“It’s complicated.” Among the 11 options Facebook allows users to describe their relationship status, this one probably best describes the connection we all have with the social media networking giant itself.
On the “like” side of the ledger, Facebook makes it possible for its 23 million Canadian users to share and organize many meaningful aspects of their lives with family, friends and business associates. Few technological innovations have done so much to keep so many people in touch, and this ought to be recognized as a substantial communal good.
However, all this sharing, posting and networking comes at a cost—most significantly in a creeping loss of privacy as Facebook invents new ways to monetize our personal details. Further, by its sheer utility and scale, its website is now a major source of public news and (mis)information. And in these twin roles as guardian and proprietor, Facebook has proven itself to be an unreliable defender of the public interest. For people who want to keep their news real and their lives private, there’s little to “like” here.
So where do we see this relationship going?
READ MORE: The day that Facebook disrespected Canada
The recent hearings in Ottawa of the International Grand Committee on Big Data, Privacy and Democracy offered a revealing look at Facebook’s many problems, and how little the ﬁrm seems to care about fixing things. Comprised of parliamentarians from over a dozen countries focused on establishing global principles regarding social media and technology, the committee summoned Facebook CEO Mark Zuckerberg and COO Sheryl Sandberg to account for their firm’s actions. Neither cared enough to appear. Last year, however, Zuckerberg and Sandberg appeared separately before the U.S. Congress.
Such nonchalance is disappointing. Canadian citizens—just as much as Americans—deserve answers from the highest level of Facebook. Its response to the Cambridge Analytica breach, in which the personal data of millions of Facebook users may have been improperly shared with the political consulting ﬁrm, remains a serious problem for Canada’s Privacy Commission. Recently, commissioner Daniel Therrien announced legal action against Facebook after it refused to accept his recommendations for tougher safeguards on disclosure and consent. “The stark contradiction between Facebook’s public promises to mend its ways on privacy and its refusal to address the serious problems we’ve identiﬁed … is extremely concerning,” he declared. In the U.S., Facebook is facing an expected $5-billion ﬁne for the Cambridge Analytica scandal. (Such a punishment likely explains Zuckerberg and Sandberg’s greater efforts at outreach to Congress, and is an argument in favour of Therrien’s call that he be given similar powers in Canada.)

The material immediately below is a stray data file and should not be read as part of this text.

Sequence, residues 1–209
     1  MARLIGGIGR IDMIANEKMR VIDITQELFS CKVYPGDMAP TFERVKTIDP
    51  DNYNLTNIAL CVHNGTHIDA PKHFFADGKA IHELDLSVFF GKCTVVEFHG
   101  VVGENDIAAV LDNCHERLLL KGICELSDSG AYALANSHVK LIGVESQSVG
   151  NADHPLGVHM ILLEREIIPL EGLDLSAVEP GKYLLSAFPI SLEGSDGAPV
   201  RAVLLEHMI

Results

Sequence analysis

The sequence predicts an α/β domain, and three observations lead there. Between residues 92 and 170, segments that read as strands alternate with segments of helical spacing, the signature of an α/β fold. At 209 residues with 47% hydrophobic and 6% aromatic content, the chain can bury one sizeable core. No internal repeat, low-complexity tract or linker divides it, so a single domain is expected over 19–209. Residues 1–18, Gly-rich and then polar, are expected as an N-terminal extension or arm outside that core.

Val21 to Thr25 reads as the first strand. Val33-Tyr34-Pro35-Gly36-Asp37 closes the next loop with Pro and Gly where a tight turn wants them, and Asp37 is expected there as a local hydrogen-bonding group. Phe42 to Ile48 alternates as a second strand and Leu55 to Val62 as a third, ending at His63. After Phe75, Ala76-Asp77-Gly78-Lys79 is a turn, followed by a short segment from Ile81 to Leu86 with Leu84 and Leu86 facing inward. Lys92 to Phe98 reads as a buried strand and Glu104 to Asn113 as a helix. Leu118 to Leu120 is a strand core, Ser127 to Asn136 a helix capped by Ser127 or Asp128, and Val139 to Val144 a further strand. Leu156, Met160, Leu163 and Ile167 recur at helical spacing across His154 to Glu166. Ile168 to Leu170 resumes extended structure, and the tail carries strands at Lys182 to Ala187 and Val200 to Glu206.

Equally disturbing is Facebook’s response to a video of U.S. House Speaker Nancy Pelosi that was deliberately altered to make her appear drunk. Instead of taking it down, Facebook says it “heavily reduced” the video’s rotation in personal news feeds. As one of the world’s biggest distributors of news, this is a shocking repudiation of journalistic obligations. If Maclean’s, for example, discovered something on our website was untrue, we wouldn’t simply reduce its “frequency.” We’d correct it. Period. Facebook should express a similar allegiance to truth and trust, particularly in light of the upcoming federal election and the existential threat fake news poses to democracy.
Among those who did testify before the committee in Ottawa, some critics called on the federal government to impose a temporary ban on the firm, as was the case in Sri Lanka following the recent terrorist attack, while others called for stricter regulations or bans on particular forms of ads and behaviour. What Canadians want most of all, however, is for Facebook to take their concerns seriously. The absence of Zuckerberg and Sandberg in Ottawa suggests this is not the case. As does Facebook’s lack of action on the privacy commissioner’s concerns. And its response to fake news. And its divergent political strategies in the U.S. and Canada. And on and on.
This article appears in print in the July 2019 issue of Maclean’s magazine with the headline, “The unlikeable Facebook.” Subscribe to the monthly print magazine here.
- Justin Trudeau needs to stop borrowing Stephen Harper’s omnibus trick
- Ottawa’s scarcity of ethics
- Social media’s role in reshaping power in politics
- Canada should elect a gender-balanced Parliament in 2019